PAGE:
nep-res New Economics Papers
on Resource Economics
Issue of 2015‒02‒11
seven papers chosen by
Maximo Rossi
Universidad de la República

  1. Why is Pollution from U.S. Manufacturing Declining? The Roles of Trade, Regulation, Productivity, and Preferences By Shapiro, Joseph S.; Walker, Reed
  2. On The Strategic Effect of International Permits Trading on Local Pollution: The Case of Multiple Pollutants By Antoniou, Fabio; Kyriakopoulou, Efthymia
  3. The effect of Environmental Quality Misperception on Investments and Regulation By Luca Lambertini; Giuseppe Pignataro; Alessandro Tampieri
  4. Carbon Pricing: Transaction Costs of Emissions Trading vs. Carbon Taxes By Coria, Jessica; Jaraite, Jurate
  5. Do financial constraints make the environment worse off? Understanding the effects of financial barriers on environmental innovations By Claudia Ghisetti; Massimiliano Mazzanti; Susanna Mancinelli; Mariangela Zoli
  6. Assessing the Energy-Efficiency Gap By Todd D. Gerarden; Richard G. Newell; Robert N. Stavins
  7. Are the elder more effective implementing punishment? Experimental evidence from urban Ghana By Asiedu, Edward; Ibanez, Marcela

  1. By: Shapiro, Joseph S. (Yale University); Walker, Reed (University of California, Berkeley)
    Abstract: Between 1990 and 2008, emissions of the most common air pollutants from U.S. manufacturing fell by 60 percent, even as real U.S. manufacturing output grew substantially. This paper develops a quantitative model to explain how changes in trade, environmental regulation, productivity, and consumer preferences have contributed to these reductions in pollution emissions. We estimate the model's key parameters using administrative data on plant-level production and pollution decisions. We then combine these estimates with detailed historical data to provide a model-driven decomposition of the causes of the observed pollution changes. Finally, we compare the model-driven decomposition to a statistical decomposition. The model and data suggest three findings. First, the fall in pollution emissions is due to decreasing pollution per unit output within narrowly defined products, rather than to changes in the types of products produced or changes to the total quantity of manufacturing output. Second, the implicit pollution tax that rationalizes firm production and abatement behavior more than doubled between 1990 and 2008. Third, environmental regulation explains 75 percent or more of the observed reduction in pollution emissions from manufacturing.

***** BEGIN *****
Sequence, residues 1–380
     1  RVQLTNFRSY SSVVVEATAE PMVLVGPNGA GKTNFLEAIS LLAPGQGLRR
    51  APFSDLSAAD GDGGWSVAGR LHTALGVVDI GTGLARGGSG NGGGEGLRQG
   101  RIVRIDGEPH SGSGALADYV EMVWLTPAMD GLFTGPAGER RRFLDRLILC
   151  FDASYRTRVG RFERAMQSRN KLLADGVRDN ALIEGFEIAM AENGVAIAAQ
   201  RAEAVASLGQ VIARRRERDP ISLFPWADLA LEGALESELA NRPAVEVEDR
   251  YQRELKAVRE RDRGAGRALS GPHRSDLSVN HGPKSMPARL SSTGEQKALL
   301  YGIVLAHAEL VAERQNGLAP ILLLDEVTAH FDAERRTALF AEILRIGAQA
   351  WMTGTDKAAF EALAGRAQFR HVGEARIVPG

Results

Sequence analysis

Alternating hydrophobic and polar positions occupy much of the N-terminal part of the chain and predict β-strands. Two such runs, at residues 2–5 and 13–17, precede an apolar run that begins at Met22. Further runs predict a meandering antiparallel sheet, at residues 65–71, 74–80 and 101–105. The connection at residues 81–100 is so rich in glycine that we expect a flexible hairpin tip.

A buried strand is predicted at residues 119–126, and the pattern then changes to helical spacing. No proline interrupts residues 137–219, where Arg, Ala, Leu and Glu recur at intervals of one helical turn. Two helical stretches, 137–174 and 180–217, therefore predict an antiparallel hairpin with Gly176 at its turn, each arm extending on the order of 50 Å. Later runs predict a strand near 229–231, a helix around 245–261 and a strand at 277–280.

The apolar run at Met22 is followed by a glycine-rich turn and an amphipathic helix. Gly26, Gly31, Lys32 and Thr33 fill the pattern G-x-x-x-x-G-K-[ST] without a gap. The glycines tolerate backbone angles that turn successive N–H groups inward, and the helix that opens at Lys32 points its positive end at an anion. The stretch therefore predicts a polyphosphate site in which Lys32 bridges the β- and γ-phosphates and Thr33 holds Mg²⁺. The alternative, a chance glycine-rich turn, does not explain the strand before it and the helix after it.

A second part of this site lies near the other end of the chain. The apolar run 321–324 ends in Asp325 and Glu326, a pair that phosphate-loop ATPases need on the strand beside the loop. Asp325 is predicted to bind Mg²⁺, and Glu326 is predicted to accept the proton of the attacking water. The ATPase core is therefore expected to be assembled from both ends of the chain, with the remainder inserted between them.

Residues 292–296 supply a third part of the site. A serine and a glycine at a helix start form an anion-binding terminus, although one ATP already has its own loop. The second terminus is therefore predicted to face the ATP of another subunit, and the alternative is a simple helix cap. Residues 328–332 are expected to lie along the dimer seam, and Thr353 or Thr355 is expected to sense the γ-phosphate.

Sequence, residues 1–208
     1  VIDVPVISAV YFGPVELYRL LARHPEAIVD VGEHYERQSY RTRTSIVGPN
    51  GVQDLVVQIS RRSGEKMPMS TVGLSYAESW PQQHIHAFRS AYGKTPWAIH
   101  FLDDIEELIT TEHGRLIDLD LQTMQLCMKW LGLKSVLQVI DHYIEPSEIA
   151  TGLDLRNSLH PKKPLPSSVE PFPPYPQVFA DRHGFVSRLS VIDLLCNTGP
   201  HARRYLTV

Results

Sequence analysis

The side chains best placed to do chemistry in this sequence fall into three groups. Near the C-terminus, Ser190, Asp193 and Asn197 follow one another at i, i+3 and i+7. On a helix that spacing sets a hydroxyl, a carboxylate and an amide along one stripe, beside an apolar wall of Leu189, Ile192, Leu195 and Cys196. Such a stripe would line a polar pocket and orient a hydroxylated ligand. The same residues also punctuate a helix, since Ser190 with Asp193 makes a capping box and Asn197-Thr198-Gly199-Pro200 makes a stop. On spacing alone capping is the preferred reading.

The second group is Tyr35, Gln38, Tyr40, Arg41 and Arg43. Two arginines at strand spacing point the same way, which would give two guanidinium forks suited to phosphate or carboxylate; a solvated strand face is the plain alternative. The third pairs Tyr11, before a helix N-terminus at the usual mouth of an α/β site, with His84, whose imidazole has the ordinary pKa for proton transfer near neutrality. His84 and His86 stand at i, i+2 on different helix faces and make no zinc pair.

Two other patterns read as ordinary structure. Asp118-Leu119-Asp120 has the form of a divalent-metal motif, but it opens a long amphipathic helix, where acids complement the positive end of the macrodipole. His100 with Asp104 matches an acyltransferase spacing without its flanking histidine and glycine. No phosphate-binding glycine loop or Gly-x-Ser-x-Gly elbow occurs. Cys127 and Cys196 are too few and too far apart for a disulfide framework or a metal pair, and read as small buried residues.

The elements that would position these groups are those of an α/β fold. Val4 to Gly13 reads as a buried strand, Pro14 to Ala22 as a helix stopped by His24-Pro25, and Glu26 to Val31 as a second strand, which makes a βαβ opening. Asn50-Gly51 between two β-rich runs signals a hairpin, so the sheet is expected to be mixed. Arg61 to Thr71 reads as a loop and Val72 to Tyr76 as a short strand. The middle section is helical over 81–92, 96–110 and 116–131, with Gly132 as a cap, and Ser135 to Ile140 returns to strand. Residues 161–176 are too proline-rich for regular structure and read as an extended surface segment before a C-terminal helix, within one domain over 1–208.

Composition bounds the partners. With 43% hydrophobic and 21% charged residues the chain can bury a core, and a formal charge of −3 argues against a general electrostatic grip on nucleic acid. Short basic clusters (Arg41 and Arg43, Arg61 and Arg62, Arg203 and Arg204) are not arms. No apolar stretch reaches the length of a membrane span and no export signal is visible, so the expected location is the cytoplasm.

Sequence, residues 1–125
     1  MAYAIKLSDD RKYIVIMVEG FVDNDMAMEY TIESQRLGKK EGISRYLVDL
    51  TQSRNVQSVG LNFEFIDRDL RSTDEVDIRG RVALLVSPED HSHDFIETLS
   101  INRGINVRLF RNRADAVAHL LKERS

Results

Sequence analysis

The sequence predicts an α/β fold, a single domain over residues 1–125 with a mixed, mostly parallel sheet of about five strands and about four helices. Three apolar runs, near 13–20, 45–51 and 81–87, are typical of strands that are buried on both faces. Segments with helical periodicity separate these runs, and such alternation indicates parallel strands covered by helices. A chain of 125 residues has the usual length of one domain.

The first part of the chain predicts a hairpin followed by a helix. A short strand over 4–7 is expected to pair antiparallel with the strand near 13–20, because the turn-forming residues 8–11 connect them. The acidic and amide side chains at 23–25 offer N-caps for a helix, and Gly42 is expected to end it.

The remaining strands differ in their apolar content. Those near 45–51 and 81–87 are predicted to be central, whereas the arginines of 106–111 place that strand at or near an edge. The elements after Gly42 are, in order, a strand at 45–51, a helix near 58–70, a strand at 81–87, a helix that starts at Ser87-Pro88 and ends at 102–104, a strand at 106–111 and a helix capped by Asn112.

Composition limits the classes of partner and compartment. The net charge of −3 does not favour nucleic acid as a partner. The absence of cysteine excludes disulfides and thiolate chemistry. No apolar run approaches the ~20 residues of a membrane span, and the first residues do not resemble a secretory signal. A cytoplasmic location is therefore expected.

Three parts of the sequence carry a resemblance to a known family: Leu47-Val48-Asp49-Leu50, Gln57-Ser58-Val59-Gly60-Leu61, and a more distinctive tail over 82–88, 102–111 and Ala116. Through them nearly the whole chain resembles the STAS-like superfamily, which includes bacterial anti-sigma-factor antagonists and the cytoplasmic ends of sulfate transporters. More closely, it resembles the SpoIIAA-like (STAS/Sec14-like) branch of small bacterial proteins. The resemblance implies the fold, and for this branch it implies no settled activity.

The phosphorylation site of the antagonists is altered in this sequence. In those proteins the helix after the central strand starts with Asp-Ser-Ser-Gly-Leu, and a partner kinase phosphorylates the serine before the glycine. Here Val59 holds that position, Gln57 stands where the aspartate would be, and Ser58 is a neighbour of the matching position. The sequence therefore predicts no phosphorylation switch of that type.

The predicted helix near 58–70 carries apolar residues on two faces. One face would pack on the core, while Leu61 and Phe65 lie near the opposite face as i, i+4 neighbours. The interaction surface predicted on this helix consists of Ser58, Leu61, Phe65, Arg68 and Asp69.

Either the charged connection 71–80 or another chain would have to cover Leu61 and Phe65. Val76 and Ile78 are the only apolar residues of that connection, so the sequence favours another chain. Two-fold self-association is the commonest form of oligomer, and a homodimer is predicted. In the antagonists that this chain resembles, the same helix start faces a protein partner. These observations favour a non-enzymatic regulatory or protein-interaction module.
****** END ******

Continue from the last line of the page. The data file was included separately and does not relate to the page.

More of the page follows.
Keywords: environmental regulation, air quality, trade and environment
    JEL: F18 H23 Q56
    Date: 2015–01
  2. By: Antoniou, Fabio (Institut für Wirtschaftstheorie I, Humboldt-Univeristät zu Berlin); Kyriakopoulou, Efthymia (Department of Economics, School of Business, Economics and Law, Göteborg University)
    Abstract: We introduce a model of strategic environmental policy where two firms compete à la Cournot in a third market under the presence of multiple pollutants. Two types of pollutants are introduced, a local and a transboundary one. The regulator can only control local pollution as transboundary pollution is regulated internationally. The strategic effect present in the original literature is also replicated in this setup. However, we illustrate that when transboundary pollution is regulated through the use of tradable emission permits instead of non-tradable ones then a new strategic effect appears which had not been identified thus far. In this case, local pollution increases further and welfare is lowered. We also provide evidence from the implementation of EU ETS over the pollution of PM10 and PM2.5.<p>
    Keywords: Environmental regulation; multiple pollutants; (non) tradable permits; strategic interactions
    JEL: F12 F18 Q58
    Date: 2015–02
  3. By: Luca Lambertini (Department of Economics, University of Bologna); Giuseppe Pignataro (La Trobe University, Victoria Australia); Alessandro Tampieri (CREA, Université de Luxembourg)
    Abstract: In this paper we analyse a setup where consumers are heterogeneous in the perception of environmental quality. The equilibrium is verified in a setting with horizontal and vertical (green) differentiation. Profits are increasing in the mis- perception of quality, while the investment in green quality decreases the more the goods are substitutes. We further consider the introduction of either an emis- sion tax or an environmental standard. Both interventions rise the investment in quality, but their effect is differently influenced by the level of environmental misperception. We show that an optimal environmental standard may be effective against greenwashing when the marginal damage of emissions is low.
    Keywords: Green Quality, Misperception; Pigouvian taxation; Environmental Standard
    JEL: L13 L51 Q50
    Date: 2015
  4. By: Coria, Jessica (Department of Economics, School of Business, Economics and Law, Göteborg University); Jaraite, Jurate (Centre for Environmental and Resource Economics, School of Business and Economics, Umeå University, Umeå, Sweden)